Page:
5cd18bfcafadc56292971e59f2f1faf6

(2475)

on March 14, 2010
at 01:25 AM

@Patrik -- now that you mention it, I don't think I've ever had fish that fresh! Definitely something to add to the todo list for life.

Be4b60059db3511771303de1613ecb67

(1137)

on March 14, 2010
at 12:01 AM

I don't like fish very much, either. I can tolerate salmon and halibut, but I dread cooking them as I always fear overcooking. I used to love sardines when I was a kid, but now, not so much. I take my fish oil caps. I'll keep trying. Not giving up yet!

93f44e8673d3ea2294cce085ebc96e13

(10502)

on March 13, 2010
at 11:50 PM

@PaleoDave --- the problem is that really fresh fish is amazing and completely non-smelly -- however, it gets that fishy smell very fast. I learned this when I used to spearfish in college -- eating fish that I had shot in the head 3 hours prior ruined me for grocery store and restaurant (even 5 star) fish forever.

5cd18bfcafadc56292971e59f2f1faf6

(2475)

on March 13, 2010
at 10:04 PM

Interesting question. If we're really supposed to eat so much of the stuff, why does it smell so bad?

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6 Answers

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1
Medium avatar

(7073)

on March 14, 2010
at 08:32 AM

There are three things that are of issue here with the lack of fish (esp. CLO) in your diet: Omega 3 vitamin A and vitamin D.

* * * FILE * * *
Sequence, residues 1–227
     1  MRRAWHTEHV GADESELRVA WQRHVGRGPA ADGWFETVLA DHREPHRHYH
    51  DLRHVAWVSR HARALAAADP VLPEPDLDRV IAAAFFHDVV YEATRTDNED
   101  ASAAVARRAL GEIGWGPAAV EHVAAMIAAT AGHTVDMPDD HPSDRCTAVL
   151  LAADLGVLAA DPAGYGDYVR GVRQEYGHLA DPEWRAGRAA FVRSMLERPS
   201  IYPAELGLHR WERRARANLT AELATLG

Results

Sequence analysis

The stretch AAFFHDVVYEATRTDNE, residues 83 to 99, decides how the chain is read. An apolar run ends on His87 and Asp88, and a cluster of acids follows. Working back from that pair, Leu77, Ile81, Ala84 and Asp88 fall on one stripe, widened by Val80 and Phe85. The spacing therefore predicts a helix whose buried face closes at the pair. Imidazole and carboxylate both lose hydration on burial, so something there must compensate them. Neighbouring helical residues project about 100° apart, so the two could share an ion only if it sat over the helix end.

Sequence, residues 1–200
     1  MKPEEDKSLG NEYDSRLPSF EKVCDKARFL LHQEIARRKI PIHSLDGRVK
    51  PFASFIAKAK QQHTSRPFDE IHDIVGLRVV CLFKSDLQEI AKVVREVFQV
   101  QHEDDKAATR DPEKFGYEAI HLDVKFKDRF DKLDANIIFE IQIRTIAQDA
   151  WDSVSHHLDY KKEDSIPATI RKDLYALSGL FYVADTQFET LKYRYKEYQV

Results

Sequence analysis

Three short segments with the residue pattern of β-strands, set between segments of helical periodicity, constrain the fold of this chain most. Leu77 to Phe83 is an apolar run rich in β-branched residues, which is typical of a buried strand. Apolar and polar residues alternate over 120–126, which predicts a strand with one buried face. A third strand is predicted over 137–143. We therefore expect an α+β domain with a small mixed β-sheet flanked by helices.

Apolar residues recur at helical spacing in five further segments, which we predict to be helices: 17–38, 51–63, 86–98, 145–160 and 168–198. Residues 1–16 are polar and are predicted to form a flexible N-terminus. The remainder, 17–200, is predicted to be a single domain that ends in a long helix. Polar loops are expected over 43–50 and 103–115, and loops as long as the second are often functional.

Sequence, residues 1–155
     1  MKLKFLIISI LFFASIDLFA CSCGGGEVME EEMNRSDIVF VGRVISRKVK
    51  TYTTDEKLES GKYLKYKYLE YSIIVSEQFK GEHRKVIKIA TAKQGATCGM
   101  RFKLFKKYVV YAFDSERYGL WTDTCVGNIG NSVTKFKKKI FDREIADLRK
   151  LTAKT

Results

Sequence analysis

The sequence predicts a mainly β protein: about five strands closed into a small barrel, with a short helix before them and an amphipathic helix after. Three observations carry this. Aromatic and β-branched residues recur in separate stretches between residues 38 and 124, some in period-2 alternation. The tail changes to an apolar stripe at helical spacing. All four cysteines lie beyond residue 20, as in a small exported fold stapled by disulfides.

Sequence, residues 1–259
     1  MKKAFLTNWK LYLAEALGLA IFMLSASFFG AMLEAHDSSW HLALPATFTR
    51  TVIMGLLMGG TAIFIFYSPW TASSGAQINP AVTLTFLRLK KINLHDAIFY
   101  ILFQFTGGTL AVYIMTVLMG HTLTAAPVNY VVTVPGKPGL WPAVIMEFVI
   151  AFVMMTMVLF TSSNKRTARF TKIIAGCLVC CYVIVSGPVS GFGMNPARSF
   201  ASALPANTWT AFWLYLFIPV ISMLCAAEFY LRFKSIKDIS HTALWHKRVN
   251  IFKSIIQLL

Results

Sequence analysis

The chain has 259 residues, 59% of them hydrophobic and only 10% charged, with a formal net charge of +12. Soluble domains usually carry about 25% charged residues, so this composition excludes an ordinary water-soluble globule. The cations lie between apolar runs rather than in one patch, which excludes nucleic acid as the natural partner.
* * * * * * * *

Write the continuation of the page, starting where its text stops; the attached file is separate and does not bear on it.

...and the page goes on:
1) Omega 3: Can you find a source of 'real' free-range eggs? I mean the ones from a farm where the chickens are running around all day with no fences? These chickens will naturally pick up grubs and insects which makes the eggs higher in Omega 3. I would go for these over the eggs that are fortified with Omega 3 at the factory - i.e. hens that are fed fish meal, but that could be an alternative if you do not live near a farm. Indigenous people who have no access to fish make a habit of eating grubs and large insects and you will get the same benefit by letting the chickens do it for you. ;) You may find switching to eating farm-raised, 'real' free-range chickens may also be of benefit.

2) Vitamin A and D: Include some blood sausage regularly in your diet, which contains Vitamin D (and is very tasty) and get out into the sun as much as you can. For your Vitamin A requirements, eat liver, esp. if you can manage to eat some raw (just undercook it so it stays pink in the middle). But perhaps you could try including some raw butter in your diet, which is naturally high in A and D vitamins, (not strictly Paleo, I know).

03aeff8d87a3b53a449b5b8e9158da98

(3268)

on March 14, 2010
at 06:38 PM

Love ya back! :;

Medium avatar

(7073)

on March 14, 2010
at 05:50 PM

thanks Glenn, love ya......

Medium avatar

(7073)